Podcast Episode: Fit for the Future in Argyll and Bute
Category: Adult social care
What follows is a transcription of the audio recording. Due to differences between spoken and written English, the transcript may contain quirks of grammar and syntax.
RM - Rhiann McLean
JR - Jim Robb
JC - Jackie Connelly
AA - Ann Austin
RM In 2014, the Fit for the Future project worked with Argyll & Bute Council and local independent sector providers to explore new approaches to the commissioning of care at home. Fit for the Future is a joint Scottish Care and Iriss project which aims to inspire better outcomes for older people by working with independent sector providers. In Argyll & Bute we worked locally with providers, commissioners and key strategic leads from the local authority and NHS to understand the current commissioning and delivery of care at home. We also explored the issues around it, particularly in rural areas. Then we brought all of that local effort and understanding together in an unconference of ideas where the partnership collaborated with the independent sector to form new and innovative approaches to commissioning. This Iriss.FM is a round table reflection on this project.
RM My name is Rhiann McLean and I am an Associate with Iriss and I am the Project Manager for the Fit for the Future project.
JR Jim Robb, Head of Adult Care, Social Work, Argyll & Bute Council.
JC Jackie Connelly, Performance Improvement Officer with the Procurement Commissioning Team, Argyll & Bute Council.
AA Ann Austin, I am one of two Development Officers for Scottish Care, covering Argyll & Bute.
RM And today’s discussion is about the project that we did around commissioning and care at home in Argyll & Bute, and it might be useful for Jim to set the scene.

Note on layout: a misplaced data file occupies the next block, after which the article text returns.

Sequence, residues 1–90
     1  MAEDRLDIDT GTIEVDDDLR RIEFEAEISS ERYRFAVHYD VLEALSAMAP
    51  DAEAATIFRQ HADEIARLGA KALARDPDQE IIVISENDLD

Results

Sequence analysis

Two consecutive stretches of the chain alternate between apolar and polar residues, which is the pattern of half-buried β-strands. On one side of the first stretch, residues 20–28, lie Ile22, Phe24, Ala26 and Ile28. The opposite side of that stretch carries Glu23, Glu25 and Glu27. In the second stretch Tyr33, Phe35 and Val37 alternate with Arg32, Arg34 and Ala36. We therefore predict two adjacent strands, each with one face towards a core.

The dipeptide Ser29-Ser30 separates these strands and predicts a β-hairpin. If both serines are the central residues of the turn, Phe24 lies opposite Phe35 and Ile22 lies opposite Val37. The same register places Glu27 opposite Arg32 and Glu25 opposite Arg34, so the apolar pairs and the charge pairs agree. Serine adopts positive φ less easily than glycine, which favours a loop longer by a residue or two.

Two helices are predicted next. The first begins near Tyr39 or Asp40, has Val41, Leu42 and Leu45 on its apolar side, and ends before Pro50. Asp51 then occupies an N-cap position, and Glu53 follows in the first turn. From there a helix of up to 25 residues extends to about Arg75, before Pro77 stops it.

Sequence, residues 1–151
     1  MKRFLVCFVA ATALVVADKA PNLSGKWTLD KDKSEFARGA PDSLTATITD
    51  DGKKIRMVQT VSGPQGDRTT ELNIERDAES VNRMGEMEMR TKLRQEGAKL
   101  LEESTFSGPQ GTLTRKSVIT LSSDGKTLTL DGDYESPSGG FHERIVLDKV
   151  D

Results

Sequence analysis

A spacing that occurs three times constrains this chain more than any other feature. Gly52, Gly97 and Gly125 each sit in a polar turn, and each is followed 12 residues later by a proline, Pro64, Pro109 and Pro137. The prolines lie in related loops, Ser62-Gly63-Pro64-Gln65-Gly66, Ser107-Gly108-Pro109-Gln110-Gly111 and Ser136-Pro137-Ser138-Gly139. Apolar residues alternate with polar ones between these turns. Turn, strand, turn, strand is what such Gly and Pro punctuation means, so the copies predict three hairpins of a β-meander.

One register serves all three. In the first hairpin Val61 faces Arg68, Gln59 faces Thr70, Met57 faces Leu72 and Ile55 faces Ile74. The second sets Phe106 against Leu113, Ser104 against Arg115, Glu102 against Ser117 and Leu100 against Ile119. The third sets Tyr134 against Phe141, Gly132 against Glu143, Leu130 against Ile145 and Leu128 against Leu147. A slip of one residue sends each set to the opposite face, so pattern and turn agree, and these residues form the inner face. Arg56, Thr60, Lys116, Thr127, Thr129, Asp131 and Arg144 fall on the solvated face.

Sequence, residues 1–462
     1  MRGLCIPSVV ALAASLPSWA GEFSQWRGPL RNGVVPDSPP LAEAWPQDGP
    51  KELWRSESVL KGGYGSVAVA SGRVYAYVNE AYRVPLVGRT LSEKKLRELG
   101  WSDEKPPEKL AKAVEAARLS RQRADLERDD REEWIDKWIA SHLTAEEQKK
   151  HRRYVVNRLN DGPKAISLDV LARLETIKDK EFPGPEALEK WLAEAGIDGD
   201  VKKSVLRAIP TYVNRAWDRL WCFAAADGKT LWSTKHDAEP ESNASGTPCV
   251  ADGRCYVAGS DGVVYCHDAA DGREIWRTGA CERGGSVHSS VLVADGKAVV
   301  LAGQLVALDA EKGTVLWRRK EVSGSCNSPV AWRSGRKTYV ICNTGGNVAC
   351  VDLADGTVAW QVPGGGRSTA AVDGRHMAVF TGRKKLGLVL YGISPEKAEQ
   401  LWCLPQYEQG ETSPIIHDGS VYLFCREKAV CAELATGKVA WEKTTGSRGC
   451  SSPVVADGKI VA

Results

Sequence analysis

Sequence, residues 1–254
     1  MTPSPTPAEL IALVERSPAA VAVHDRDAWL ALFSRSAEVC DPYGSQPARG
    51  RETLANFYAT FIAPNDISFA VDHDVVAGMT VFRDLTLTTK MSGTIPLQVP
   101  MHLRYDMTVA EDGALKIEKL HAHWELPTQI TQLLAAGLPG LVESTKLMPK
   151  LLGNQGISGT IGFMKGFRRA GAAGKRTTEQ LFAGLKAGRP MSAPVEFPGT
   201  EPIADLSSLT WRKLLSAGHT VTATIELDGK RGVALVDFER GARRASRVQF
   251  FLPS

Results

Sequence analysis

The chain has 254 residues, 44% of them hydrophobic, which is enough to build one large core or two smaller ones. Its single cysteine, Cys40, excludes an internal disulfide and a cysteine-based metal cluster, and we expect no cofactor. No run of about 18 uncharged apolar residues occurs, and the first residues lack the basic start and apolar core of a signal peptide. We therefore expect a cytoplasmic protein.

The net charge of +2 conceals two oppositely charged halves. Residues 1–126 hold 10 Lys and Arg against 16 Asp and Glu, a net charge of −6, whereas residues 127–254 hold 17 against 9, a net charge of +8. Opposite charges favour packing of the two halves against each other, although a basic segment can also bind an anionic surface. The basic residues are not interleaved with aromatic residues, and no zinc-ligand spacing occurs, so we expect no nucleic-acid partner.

JR Where we have been over really a number of years in Argyll & Bute, we periodically had specific areas that have been difficult to serve in terms of home care services. This is not really a new scenario - you can go back 10, 15 years when we had specific areas and specific problems in specific area. However, probably the last 3-5 years, the issue in terms of recruitment, retention, capacity generally, have become an increasingly difficult issue for us. That has to be put in the context of a growing older persons’ population, both in terms of numbers and the level of disability that is associated with that. What we have effectively now is a growth in home care numbers approaching double figures every year, certainly over the last 2.5 years I think we have seen roughly about a 25% increase in the number of clients that we are trying to serve. Combine that with, as I say, increased complexity in terms of the nature of the job, very much around personal care, high dependency care, dementia care, moving and handling … combine the 2 issues and you have a problem developing. And interestingly, myself and Jackie Connelly had met with the care (… unclear) providers, probably around about Easter time 2014, to have a general discussion about conditions of service, which led to a far more wider debate about recruitment, retention, capacity, more efficient deployment of staff, how we serve difficult areas. And that discussion effectively coincided with a piece of work that we had been doing in partnership with Iriss over the last 3 or 4 months. Just some contextual information in relation to the growth of home care - really looking at the stats from 2011/12 through to 2013/14 - we have seen an increase in the number of clients that we are working with of basically about 29%, and the growth in the number of hours provided coming in about 13.8%. Now obviously the growth in clients is higher than the number of hours, but if you even just look at the number of hours increase over a 2-year period of 13.8%, that is significant - because your general growth in the population for 65+ comes in at about 2.5% per annum projection, whereas this is an equivalent of the best part of 7% growth per annum. And that has been the case for a number of years. We did a piece of work with the Special Projects Team in the Council, going back 3, 4 years ago, in terms of where we started around the commissioning and the externalisation of service. At that time we were talking about a growth of service hours between 5-6%. So we have now had certainly a period of 5, 6, 7 years of a growth between 5-7% per annum, the number of hours going out the door. And when you combine that with the working population, at best standing still in Argyll, if not actually coming down, we are trying to put more hours out the door, with fewer bodies, in what I’d say a crucially an unsocial form of employment - we ask people to do shifts, evenings, weekends - that suits some, it doesn’t suit many. Particularly I think the younger generation of folk, coming out of school, coming through college, look at social care and think “maybe day service Monday to Friday, 9-5, or a care home where the shifts are predictable, but home care is actually quite complex, shift work all over the place, unsociable hours, maybe not the greatest pay in the world. Is that really for me?” So when you combine the different factors of population growth with actual growth in the service, combined with the nature of the job, you can see the kind of task that we have got.